10 rules for charming your computer
Few of us can avoid working in front of a computer nowadays, for at least part of the day if not all day long. A good desk arrangement and a few simple little measures will allow you to work in perfect harmony with this trusty office essential.
1. Sit in the correct position
First off, it is essential to sit in the correct position in front of your computer. This will allow you to minimise the problems of visual fatigue. Ideally, the screen should be slightly leaning back and placed at a distance of about 50 to 70cm from you, which is about the distance you need in order to be able to brush the screen with your finger tips when stretching your arms out. It is also recommended that the top of the screen reaches eye level, except if you have a large screen.
2. Choosing a good screen
Your vision is put under strain. Choose a good screen with anti-glare and think about adjusting the brightness according to the type of work you are doing (documents, images etc). Be careful of the surrounding lighting as well, and avoid putting the screen opposite or next to a window, which will cause glare and add reflection to your screen.
3. Choose a good chair and get comfy!
You are going to work for hours in this sitting position, and this can lead to the muscles in your neck, shoulders and back becoming contracted. You will reduce this risk if you take the precaution of sitting comfortably at the back of your chair, with knees preferably at the same level as your hips. Use a foot rest if you are petite, or a higher desk top.
4. Think about protecting your wrists
Repetitive work in front of a screen can encourage musculoskeletal problems with your upper limbs and these are becoming more and more widespread. Wrists are particularly prone to these problems, but they also affect hands and shoulders to. To prevent this issue, put your keyboard at a distance of 10-15cm from the edge of the desk top and try to work with elbows at right angles, avoiding any bending of the wrists, leaning them on the desk top. Choose a mouse that suits the size of your hand, and avoid gripping it too tightly as this could provoke musculoskeletal problems in the fingers. Finally, put all documents that you are going to be using most often close to the computer.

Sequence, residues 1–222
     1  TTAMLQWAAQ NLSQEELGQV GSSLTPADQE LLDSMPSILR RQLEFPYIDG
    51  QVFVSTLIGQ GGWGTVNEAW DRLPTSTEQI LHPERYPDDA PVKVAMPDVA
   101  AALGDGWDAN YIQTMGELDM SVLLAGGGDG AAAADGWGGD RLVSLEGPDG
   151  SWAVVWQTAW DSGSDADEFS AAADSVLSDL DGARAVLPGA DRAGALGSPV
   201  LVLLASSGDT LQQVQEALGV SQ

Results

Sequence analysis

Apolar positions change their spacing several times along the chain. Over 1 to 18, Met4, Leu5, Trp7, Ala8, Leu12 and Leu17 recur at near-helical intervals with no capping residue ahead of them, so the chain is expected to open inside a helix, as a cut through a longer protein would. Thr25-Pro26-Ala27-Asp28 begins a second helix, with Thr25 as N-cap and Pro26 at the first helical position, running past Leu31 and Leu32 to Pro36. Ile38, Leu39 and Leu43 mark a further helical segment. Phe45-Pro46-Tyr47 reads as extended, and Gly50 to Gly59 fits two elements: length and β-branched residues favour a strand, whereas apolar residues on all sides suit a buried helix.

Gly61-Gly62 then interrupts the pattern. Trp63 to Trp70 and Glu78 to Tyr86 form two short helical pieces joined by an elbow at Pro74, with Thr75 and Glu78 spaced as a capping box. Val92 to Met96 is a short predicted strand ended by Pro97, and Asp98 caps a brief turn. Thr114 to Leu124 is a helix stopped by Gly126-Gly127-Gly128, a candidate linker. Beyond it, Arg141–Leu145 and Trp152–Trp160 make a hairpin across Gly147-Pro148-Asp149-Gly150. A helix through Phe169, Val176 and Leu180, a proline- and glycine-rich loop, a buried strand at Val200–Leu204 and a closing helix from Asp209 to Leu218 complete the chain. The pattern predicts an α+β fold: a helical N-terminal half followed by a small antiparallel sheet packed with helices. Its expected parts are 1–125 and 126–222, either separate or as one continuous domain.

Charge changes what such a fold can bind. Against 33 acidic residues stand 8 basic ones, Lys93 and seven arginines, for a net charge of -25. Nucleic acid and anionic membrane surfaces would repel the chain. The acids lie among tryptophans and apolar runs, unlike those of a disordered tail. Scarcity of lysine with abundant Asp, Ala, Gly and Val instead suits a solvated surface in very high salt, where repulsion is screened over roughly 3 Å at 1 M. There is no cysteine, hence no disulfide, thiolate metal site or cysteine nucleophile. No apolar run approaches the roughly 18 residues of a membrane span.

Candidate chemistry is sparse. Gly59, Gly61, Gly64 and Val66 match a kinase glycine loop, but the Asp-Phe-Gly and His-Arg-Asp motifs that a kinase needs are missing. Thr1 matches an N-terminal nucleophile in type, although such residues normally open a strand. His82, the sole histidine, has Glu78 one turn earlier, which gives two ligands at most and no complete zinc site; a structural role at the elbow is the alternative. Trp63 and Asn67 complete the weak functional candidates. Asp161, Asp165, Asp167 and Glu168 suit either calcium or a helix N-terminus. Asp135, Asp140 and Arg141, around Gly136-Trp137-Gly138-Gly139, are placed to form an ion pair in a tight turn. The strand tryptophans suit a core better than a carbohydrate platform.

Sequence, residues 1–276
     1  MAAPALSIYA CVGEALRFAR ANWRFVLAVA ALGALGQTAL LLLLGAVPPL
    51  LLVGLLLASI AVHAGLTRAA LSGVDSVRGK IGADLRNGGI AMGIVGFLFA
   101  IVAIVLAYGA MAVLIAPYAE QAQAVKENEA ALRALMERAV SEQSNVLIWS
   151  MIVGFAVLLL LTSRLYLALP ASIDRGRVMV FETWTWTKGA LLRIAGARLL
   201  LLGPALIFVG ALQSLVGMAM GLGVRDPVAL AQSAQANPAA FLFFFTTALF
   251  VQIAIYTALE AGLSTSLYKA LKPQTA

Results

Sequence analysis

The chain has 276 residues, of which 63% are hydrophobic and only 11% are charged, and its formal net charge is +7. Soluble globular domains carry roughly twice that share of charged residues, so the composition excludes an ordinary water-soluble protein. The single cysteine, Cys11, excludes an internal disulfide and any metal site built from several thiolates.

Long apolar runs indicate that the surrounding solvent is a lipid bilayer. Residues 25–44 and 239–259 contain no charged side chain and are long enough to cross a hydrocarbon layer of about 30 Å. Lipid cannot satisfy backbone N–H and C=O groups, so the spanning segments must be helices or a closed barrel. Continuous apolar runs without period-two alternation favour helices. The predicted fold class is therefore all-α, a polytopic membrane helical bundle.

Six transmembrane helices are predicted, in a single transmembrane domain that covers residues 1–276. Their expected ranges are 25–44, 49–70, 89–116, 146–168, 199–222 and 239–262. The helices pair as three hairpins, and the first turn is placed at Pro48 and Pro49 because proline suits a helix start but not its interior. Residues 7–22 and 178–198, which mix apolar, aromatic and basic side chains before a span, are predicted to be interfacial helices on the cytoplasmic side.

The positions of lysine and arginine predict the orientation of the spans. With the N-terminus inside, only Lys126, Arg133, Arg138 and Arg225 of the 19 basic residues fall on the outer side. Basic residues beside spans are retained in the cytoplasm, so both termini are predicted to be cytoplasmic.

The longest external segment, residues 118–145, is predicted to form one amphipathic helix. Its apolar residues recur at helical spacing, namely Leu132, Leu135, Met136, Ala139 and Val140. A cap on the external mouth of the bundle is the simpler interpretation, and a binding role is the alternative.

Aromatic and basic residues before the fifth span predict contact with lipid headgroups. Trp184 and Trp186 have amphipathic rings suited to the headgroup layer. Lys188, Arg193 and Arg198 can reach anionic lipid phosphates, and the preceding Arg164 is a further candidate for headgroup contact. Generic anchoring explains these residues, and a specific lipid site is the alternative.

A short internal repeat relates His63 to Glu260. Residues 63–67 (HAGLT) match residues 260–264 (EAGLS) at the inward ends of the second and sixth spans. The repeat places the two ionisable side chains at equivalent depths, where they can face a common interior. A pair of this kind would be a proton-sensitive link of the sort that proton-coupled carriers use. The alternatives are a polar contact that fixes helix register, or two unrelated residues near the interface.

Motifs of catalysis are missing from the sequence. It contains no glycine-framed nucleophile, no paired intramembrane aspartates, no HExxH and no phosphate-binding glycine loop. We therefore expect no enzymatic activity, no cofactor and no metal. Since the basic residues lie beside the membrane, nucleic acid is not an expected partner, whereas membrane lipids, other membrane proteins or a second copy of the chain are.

5. Take regular breaks
Visual fatigue, headaches and eye problems can all appear if you do not take breaks from working regularly. Doctors in New Zealand have just described a case of phlebitis complicated by pulmonary embolism after the patient had been sitting down for a prolonged period in front of a computer. Regular breaks, but not necessarily very long ones, are therefore recommended. You should not go for more than two hours without moving. Make the most of this break by getting up and getting a glass of water.
6. Remember to drink!
If the room is too hot this can contribute towards making your eyes drier and can also harm your blood circulation, so remember to drink enough water! This will also help you not to drink too much coffee or head for a cigarette break when you are stressed.
7. Eliminating stress factors
It’s time to deal with stress. Of course, this is easier said than done. However, as much as possible, try not to work under too much stress. It has, in fact, been proved that stress increases the probability of the appearance of musculoskeletal problems. Do not overestimate your ability to work and try to organise yourself better so you free up more time. If you can, vary the tasks you have to do that day.
8. Do some exercises...
There’s nothing like a few physical exercises for relaxing the neck, back, fingers and wrists. During your breaks, rotate your wrists a few times. Stretch your back as if you were going to touch the ceiling and wiggle your neck from side to side. Roll your shoulders forward and back.
9. ...and give your eyes a workout too!
Eye exercises are just as useful. Without moving your head, look down and then up about ten times. Do the same while looking as far as possible to the right and then to the left. This prevents vision fatigue.
10. If you experience any problems, consult a doctor
Working on a computer does not automatically lead to eye trouble perhaps, but it does play an undeniable part in encouraging the increase of anomalies connected with the vision. If you often feel stinging in your eyes or feel like you can’t see properly, talk to a doctor about your work habits. Tests will allow your vision to be assessed and it will be clear whether or not you need glasses or contact lenses.
Finally, do not put up with pain in your wrists or in your back for months. Some treatments will allow these aches and pains to be relieved.
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